One of the most common printed images of the first half of the nineteenth century was also the one of the most derided—often, treacherously, in its own caption. Right under his woodcut of “The Anatomy”—the image of a male body linked to the signs of the zodiac that began most American almanacs—the almanac-maker David Young wrote sourly in 1848: “It is thought proper to notice in this place, that in this enlightened age of the world, people in general place no confidence in these signs, nor the prognostics of the weather.” In this, as he certainly knew himself, Young was wrong. “There are many men at the present age, so far behind the times,” complained another author, two years before Young’s Almanac “that if they have a tooth to pull, a vein to open, a pig or a calf to castrate, a patch of thistles to mow, a bunch of white birches or scrub oaks to cut down, or a dose of physic to swallow, the chapter of signs must be consulted, and their connection with the body, or the plant ascertained before anything can be done.” At least one of these men, as demonstrated in the margin of the second image on the left, was using my copy of Young’s almanac.
If by the 1840s the Anatomy and the columns of calendrical symbols to which it was keyed had been an embarrassment to American almanac makers for more than a hundred years, they nevertheless still stood as required elements of the agricultural Almanac, the most stable features of a famously volatile and various form. One reason for their persistence was their importance to the practices of “moon farming,” which used astrological information to mark time and schedule agricultural tasks. The astrological tables were, as such, as important as the other (more recognizably utilitarian) forms of information that almanacs provided—critical elements of these objects that rural Americans hung from hooks on the wall, whose ripped pages they repaired with careful stitches, and, as above, whose margins they marked with signs of their own.
To contemporary historians, the first pages of an almanac can be frustrating to work with. It’s tempting to skip to the later sections—rich, if confusing, collections of texts that mingle seasonal poetry, jokes about Irishmen, and stories of canny farmers, with helpful information about circuit court session dates and the “Use of Sulphuric Acid as a Manure.” The first pages, by contrast, consist of the Anatomy, some astronomical calculations, and a twelve-page calendar packed top to bottom with unfamiliar symbols. When students in my classes seem to be identifying too much with seemingly “modern” nineteenth-century farmers, a short almanac “problem set” quickly restores their sense that they’re dealing with a culture alien to them.
Some of this seeming impenetrability comes from our lack of familiarity with the night sky. The anatomy refers, on one level, to perfectly visible astronomical phenomena that were rather more reliable than nineteenth-century clockwork. For farmers, the signs of the zodiac retained their concrete physical meaning: the east-to-west procession of twelve constellations through which the sun and the moon and the planets seem to move, imprisoned in the flattened disk of the solar system. Where our modern newspaper horoscope tells us about our birthdate in terms of the sun’s place in this sequence, breaking the year into twelve months, nineteenth-century farmers were primarily interested in the faster circuits of the moon, which moves across the whole zodiac every twenty-eight days, spending about two days in most signs. Almost all almanac calendars devoted a column to this cycle, allowing readers to determine the sign of the moon when the moon and stars were hidden by daylight or by the rotation of the earth. The anatomy connected this macroscopic physical phenomenon to the smaller cosmos of the human body, linking each body part to a corresponding sign—the two arms to Gemini, the twins; the breast to Cancer, the Crab; the “secrets” to Scorpio, the scorpion.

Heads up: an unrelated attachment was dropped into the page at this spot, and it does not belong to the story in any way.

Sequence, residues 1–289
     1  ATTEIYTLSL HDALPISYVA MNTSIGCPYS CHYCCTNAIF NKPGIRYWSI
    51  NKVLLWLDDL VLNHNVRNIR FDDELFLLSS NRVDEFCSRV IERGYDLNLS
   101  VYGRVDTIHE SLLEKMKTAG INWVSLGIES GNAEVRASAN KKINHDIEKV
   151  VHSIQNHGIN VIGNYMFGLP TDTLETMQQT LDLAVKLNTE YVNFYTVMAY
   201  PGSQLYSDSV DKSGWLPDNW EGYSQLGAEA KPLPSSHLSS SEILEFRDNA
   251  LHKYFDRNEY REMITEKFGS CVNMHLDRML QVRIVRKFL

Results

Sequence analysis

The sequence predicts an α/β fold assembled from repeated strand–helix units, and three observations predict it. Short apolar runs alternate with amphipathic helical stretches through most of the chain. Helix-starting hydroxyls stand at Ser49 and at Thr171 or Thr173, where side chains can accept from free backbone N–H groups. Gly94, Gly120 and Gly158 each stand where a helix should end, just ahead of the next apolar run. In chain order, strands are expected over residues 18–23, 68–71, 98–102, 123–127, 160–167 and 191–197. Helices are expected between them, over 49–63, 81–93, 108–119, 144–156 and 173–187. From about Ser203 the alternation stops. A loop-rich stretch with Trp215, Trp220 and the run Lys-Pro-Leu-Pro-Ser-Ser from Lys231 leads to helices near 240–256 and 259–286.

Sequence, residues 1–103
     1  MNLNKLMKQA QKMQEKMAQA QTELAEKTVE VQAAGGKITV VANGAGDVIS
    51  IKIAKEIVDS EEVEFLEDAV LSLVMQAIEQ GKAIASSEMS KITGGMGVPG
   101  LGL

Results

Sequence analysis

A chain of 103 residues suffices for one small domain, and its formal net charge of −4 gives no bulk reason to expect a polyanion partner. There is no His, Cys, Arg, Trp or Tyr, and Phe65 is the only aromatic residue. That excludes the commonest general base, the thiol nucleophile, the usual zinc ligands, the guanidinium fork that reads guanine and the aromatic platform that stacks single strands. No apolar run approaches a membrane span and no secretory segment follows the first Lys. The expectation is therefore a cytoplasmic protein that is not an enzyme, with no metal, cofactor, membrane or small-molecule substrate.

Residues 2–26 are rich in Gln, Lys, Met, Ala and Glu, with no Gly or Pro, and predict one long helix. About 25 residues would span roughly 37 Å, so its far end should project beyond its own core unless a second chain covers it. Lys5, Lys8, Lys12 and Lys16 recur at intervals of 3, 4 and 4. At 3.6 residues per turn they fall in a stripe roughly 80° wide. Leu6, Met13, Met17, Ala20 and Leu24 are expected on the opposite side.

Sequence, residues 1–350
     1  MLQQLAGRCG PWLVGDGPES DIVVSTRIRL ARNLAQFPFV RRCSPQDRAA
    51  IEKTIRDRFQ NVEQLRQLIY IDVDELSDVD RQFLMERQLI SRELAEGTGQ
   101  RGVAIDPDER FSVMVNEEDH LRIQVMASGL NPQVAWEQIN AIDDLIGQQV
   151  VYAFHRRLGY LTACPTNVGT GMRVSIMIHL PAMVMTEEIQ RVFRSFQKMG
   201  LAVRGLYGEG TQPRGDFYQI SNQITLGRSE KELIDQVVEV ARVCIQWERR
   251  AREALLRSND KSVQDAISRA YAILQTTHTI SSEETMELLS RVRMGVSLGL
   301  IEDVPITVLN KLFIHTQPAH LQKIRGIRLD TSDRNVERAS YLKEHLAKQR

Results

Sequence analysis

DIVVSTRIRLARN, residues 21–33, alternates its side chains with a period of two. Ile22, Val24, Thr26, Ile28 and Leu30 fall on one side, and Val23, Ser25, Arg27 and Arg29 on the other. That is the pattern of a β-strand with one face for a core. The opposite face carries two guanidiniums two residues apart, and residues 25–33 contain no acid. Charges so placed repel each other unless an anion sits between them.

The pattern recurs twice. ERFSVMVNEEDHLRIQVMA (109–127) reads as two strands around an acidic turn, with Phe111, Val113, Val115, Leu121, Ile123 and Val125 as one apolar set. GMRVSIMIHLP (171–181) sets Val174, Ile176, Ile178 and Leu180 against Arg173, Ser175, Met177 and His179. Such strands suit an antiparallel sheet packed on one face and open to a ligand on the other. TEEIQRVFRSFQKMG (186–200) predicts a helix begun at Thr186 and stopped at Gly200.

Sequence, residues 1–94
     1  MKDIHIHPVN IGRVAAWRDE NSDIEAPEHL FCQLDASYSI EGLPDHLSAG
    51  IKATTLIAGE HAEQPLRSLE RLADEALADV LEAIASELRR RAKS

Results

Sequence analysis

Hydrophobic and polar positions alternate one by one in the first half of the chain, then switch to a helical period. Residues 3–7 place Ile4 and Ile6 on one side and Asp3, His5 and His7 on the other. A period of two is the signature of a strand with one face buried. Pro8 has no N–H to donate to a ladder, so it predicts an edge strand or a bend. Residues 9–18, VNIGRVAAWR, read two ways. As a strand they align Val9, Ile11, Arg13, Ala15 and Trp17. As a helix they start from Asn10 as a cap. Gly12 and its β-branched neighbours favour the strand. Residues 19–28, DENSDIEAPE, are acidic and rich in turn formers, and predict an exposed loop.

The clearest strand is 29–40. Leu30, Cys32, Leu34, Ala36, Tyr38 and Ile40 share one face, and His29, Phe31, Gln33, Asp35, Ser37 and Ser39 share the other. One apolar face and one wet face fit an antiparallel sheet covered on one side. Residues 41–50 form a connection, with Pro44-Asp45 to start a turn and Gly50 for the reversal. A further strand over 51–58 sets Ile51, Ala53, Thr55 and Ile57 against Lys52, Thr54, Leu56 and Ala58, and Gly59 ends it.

But what did the signs and the phases of the moon mean to moon farmers in the 1840s? In the almanac we have the tools of moon farming, but explicit guidance for the everyday use of these tools had been stripped out of almanacs in the eighteenth century, as the reputation of astrology declined. Our clearest accounts of the changing oral tradition of nineteenth-century moon farming in fact come from its most voluble enemies, the self-consciously scientific “improving agriculturists” who controlled the agricultural journals, and who made attacks on moon farming a standard genre of agricultural journalism.
Several consistent sets of rules can be pieced together through these hostile sources. The first set followed the waning and waxing of the moon—usually described in the columns of the almanac by a moon face marking each quarter. Some described analogies between the increase and decrease of moonlight and increase and decrease of substance on earth; thus, for example, pork cured in the light of the waning moon would itself dwindle to nothing. Others connected darkness to subterranean activity, and light to activity above ground. Potatoes, beets, and turnips should be planted in the old or declining moon; oats, corn, and wheat planted in the old moon would produce “roots, and no stalk, or seed.”
The second set of rules followed the anatomy itself, and relied on analogies between the plants and animals of the farm, and the human body. The moon’s presence in each sign, it was argued, brought an effusion of blood to the corresponding organ in the anatomy. Physicians had to avoid operating on these flooded organs to avoid hemorrhage; manipulating nonhuman bodies, farmers had to take similar issues into account. For example, when the moon passed into Leo, a sign keyed to the heart, farmers knew that cutting trees and vines would be satisfactorily deadly, but on the other hand, “wo be to the unlucky calf or colt, that happened to undergo castration when the sign indicated the forbidden region [Scorpio]” Other sign rules were less clearly medical. When the moon was in Virgo, “sometimes called the Posey Girl,” a committee investigating “Lunar influence in Agriculture” in the Southern Planter, reported disapprovingly and disbelievingly, “everything then sown or planted, will expend all its energy in blossoms on account of that girl’s propensity for flowers.”